|A car speeds down a lane in rural Cheshire: an increasingly|
common sight as fuel duty tips the scales in favour
of travel by car
It’s a fair commentary on the intellectual vacuity of the current discourse on the subject that one of the main problems Chris Grayling, transport secretary, identified as a challenge for the UK’s road system in an interview in December was “excessive” use of speed bumps. This is the rhetoric one should expect in the immature, early stages of a government, when ministers are caught up in the simplistic solutions they dreamed up while still in opposition. By their second terms, most governments have started to recognise unpleasant, underlying realities and begun to tackle them. It seems clear to me that the abundance of cheap leasing finance is contributing to the misery by making it ever cheaper for drivers to get hold of very large and very powerful cars, whose effect on other road users is particularly intimidating.
|Rush hour traffic in central Birmingham, one of the UK's|
most car-dependent cities: a result of badly-positioned
speed bumps, presumably
As long as the problems go unaddressed, however, roads in most of the UK will continue to clog up with cars, efforts to encourage cycling and public transport will grow steadily more fruitless and the actions needed to redress the balance will grow ever more extreme.
At the heart of the debate is the question of what one thinks it means to let motoring get steadily cheaper. There is an argument that it’s perverse to argue on principle that any item - especially one that’s indispensable to many people’s daily lives - should be more expensive. I’ve certainly heard passionate arguments from some transport economists that it’s just that motorists should benefit from recent years’ undoubted rapid improvements in vehicles’ fuel economy. It’s also clear that in the UK - unlike the US - taxes on motorists cover the direct costs of building and maintaining the road network many times over. That prompts many people to argue that any extra tax take from drivers represents an unjustified extra tax burden to which the government is right to object.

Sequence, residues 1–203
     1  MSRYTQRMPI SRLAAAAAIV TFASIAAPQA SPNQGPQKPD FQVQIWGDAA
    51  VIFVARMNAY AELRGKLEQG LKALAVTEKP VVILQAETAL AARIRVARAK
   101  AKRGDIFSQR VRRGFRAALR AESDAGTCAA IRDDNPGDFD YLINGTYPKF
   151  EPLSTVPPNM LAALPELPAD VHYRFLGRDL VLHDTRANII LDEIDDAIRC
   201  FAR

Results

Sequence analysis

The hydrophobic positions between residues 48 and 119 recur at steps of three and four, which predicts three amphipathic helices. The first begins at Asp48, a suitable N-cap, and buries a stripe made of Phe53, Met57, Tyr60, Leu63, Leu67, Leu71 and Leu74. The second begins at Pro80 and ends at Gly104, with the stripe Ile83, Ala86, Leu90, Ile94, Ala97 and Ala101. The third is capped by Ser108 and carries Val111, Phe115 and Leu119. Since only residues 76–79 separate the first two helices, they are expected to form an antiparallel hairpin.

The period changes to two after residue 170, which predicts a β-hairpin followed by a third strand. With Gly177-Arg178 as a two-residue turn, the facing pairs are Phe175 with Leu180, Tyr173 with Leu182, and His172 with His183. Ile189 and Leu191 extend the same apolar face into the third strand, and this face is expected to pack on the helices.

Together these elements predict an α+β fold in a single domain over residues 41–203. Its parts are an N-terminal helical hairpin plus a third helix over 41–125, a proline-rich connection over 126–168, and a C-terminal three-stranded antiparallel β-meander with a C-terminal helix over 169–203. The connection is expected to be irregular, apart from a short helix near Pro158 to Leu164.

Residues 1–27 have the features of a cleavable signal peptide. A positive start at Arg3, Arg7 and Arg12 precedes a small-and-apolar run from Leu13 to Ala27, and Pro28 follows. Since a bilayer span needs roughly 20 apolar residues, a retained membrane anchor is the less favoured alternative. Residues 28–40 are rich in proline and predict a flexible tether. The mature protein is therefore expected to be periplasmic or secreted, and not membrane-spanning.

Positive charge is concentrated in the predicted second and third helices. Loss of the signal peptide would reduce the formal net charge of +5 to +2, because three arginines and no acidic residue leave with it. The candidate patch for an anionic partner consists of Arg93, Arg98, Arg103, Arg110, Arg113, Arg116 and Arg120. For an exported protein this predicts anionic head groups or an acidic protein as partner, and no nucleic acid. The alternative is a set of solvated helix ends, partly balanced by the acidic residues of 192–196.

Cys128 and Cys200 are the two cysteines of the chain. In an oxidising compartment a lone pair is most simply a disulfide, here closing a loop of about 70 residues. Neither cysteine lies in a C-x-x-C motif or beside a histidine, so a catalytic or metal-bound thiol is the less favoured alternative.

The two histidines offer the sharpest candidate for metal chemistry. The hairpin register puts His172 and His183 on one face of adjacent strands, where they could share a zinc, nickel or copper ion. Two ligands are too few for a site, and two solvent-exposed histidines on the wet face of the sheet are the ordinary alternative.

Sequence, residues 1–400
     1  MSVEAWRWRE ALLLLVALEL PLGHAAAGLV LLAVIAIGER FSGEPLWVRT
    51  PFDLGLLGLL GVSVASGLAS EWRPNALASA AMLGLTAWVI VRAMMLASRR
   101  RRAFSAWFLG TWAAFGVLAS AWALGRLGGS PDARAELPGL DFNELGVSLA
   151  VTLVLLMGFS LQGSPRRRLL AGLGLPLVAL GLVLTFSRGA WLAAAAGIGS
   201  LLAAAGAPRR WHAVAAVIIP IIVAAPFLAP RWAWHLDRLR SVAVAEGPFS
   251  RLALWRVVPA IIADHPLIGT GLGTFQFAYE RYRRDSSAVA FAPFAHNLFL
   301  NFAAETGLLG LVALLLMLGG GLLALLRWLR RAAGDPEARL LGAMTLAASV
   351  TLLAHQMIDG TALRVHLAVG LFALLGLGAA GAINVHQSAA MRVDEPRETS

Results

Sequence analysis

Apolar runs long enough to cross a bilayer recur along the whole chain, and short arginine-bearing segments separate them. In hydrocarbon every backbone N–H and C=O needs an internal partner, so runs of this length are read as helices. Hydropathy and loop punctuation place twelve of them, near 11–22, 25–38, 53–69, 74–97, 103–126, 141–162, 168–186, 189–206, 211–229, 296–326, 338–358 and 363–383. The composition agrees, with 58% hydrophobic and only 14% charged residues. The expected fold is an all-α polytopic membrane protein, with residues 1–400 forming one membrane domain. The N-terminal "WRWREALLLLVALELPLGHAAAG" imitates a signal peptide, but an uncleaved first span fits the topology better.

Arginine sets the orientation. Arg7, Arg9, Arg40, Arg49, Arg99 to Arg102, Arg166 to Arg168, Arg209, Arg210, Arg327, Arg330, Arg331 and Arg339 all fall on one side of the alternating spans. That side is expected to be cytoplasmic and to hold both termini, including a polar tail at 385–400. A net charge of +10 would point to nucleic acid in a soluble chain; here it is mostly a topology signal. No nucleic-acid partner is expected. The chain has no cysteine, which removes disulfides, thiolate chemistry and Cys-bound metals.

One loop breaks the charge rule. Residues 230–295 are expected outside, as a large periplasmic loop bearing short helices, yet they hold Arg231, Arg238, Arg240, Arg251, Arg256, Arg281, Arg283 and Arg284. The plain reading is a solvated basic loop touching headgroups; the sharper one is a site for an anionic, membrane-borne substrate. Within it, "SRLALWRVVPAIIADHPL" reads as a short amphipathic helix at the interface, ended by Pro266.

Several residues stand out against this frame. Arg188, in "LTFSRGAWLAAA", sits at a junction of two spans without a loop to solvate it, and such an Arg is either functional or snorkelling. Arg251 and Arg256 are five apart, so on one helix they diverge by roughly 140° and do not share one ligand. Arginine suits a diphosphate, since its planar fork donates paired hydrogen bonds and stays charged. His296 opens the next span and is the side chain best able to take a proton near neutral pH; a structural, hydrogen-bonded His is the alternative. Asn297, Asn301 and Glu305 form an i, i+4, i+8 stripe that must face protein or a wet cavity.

But it’s impossible to miss the effects of allowing the steady fall in rates. While traffic levels in central London continued to fall in the last quarter of last year, for example, overall traffic volumes on major roads rose by 1 per cent year-on-year. To judge by my experience of dodging speeding vehicles haring down back streets, the rise on minor roads in outer London must be far higher. Minor roads in rural areas are also becoming increasingly miserable to use outside a motor vehicle. Bus travel is falling in many parts of the UK as growing volumes of cars clog the roads, getting in buses’ way. Traffic growth on the railways - where ticket prices mostly go up by at least the inflation rate - has slowed down sharply. As long as fuel duty is frozen, transport policy will remain hostage to the growing advantages enjoyed by cars.
|Space allocation in Glasgow, which faces worsening|
congestion. I'm sceptical bike paths are the main cause in
cities like this.
The action in central London has at least had some of the intended effect. Cycling levels in central London in the October to December quarter were up 5.4 per cent year-on-year, while motor traffic fell again, by 3.5 per cent.